Mexican and Latin American radicals accept her warmly as one of their own and made her symbols theirs. During the several years of this period one wonders what came first in the making of her photographs? the eye or the politics? The balance is so fine that no one can tell; perhaps nor even Tina knew.
Hands have always been a common subject for photographers. Weston had made images of Modotti's hands and Modotti, also, echoing her mentor, took a photo of her mother's hands, fine photographs both of them, but they do not stick in the mind like Modotti’s blunt image of hands resting
on a shovel, 1927, These hands have become a powerful call for social jus­tice. Radical and proletarian as the image may be—it was used for a cover of the American Communist journal, New Masses—Modotti, one shouldnote, also made it as a platinum print. Whatever the nature of her subject Modotti always remembered to offer beauty its due.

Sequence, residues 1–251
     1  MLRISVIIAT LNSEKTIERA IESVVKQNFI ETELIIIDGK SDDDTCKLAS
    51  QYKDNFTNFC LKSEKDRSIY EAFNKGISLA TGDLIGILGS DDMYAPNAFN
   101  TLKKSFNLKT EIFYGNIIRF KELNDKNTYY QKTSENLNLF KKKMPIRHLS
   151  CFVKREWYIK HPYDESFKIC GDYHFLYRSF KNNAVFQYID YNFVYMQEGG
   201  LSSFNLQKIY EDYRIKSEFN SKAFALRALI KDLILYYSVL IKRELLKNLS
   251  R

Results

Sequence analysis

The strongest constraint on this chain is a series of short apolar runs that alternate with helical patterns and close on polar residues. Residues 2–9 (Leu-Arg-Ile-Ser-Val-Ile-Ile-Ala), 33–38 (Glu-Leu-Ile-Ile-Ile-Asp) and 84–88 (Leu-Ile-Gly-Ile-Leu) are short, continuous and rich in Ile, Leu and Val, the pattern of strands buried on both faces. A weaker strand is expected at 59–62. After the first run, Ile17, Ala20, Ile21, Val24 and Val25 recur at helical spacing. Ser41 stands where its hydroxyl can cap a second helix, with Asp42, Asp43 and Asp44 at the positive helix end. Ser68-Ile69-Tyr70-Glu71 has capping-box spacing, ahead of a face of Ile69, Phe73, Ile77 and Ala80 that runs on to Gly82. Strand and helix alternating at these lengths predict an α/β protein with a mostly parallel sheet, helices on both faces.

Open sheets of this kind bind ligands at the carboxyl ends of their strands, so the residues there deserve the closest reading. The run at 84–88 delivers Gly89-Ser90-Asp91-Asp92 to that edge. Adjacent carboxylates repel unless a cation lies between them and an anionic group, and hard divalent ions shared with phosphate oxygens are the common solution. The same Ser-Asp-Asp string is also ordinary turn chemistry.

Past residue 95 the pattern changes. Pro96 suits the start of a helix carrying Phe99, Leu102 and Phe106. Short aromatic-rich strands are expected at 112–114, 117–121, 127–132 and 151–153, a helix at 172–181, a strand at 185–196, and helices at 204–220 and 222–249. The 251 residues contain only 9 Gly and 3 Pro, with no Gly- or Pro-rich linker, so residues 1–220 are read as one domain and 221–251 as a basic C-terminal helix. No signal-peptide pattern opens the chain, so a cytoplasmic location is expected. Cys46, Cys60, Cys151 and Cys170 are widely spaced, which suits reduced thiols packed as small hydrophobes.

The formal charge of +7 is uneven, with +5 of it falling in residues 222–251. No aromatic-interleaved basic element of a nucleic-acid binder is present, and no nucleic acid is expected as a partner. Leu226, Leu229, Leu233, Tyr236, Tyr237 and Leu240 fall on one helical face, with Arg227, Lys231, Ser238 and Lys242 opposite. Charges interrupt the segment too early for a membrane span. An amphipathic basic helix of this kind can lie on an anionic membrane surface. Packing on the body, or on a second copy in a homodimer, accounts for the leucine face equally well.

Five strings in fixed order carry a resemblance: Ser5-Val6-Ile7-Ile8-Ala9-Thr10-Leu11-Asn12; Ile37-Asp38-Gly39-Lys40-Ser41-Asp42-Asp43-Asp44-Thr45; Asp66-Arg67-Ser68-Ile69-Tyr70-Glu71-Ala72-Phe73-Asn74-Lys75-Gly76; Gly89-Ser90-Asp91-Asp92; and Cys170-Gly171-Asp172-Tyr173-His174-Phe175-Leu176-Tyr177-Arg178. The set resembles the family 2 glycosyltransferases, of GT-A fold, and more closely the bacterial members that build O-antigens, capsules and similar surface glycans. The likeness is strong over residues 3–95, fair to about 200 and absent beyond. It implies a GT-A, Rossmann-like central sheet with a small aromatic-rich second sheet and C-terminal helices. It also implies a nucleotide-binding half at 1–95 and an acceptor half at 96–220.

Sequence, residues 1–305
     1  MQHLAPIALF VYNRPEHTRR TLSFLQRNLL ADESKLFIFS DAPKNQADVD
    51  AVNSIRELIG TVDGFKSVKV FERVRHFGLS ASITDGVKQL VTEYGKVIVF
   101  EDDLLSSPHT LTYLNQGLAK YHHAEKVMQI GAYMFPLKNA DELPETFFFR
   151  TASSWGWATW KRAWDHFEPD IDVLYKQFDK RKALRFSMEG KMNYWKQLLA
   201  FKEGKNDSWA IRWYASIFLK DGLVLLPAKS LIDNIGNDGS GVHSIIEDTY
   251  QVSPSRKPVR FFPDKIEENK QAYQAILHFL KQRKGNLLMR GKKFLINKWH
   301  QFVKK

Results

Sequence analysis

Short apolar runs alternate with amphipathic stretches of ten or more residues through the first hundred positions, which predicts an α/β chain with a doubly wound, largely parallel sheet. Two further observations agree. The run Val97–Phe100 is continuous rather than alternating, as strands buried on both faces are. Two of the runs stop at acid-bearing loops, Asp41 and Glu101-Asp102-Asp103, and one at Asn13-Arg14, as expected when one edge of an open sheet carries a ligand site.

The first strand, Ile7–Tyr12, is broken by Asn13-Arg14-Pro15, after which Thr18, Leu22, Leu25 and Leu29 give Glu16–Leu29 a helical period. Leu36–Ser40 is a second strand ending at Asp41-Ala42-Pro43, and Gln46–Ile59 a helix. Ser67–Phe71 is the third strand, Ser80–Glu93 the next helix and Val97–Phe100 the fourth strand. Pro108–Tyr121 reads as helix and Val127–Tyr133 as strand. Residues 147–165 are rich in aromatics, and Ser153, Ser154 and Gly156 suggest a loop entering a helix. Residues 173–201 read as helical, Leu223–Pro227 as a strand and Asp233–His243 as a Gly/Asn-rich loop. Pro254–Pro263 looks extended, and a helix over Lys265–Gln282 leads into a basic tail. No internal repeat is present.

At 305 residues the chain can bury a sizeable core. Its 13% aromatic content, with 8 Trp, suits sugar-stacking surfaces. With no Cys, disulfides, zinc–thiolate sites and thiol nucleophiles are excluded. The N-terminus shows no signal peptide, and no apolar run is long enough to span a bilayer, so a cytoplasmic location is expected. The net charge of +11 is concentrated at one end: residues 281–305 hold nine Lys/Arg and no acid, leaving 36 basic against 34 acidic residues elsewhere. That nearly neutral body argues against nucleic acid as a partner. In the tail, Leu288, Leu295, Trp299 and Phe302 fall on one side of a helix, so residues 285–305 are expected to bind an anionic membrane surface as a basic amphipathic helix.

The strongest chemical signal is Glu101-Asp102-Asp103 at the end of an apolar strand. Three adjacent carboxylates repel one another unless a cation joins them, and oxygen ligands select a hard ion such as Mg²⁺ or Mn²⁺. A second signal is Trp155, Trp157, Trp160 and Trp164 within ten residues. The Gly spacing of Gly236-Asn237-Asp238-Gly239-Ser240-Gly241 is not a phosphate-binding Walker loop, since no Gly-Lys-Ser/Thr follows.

Photographs that Modotti shot dur­ing the construction of a Mexico City stadium give another example of the remarkable synthesis she achieved dur­ing this period (1927). Modotti, under the immediate visual influence of the Mexican muralists—her friends, lovers, compañeros—has given us two powerful studies of the labor and skill that go into construction work. But during the same time she has made two other equally powerful studies in her best modernist manner: Stadium, 1927 an abstract study of the shadows thrown by the seats of an empty stadium and Stadium Exterior, 1927 an eerie DeChirico-like view of the stadium exterior with construction scaffolding; no people or workers are to be seen in either image. Modotti's heart of hearts may have had its doubts about the constructs of the modern world. She may have felt that all might nor be sweetness and light after the revolution. In this instance, one wishes that the concept of grouping photographs by subject alone had been relaxed; hanging these four images together might have offered a less canonical sense of Modotti’s vision.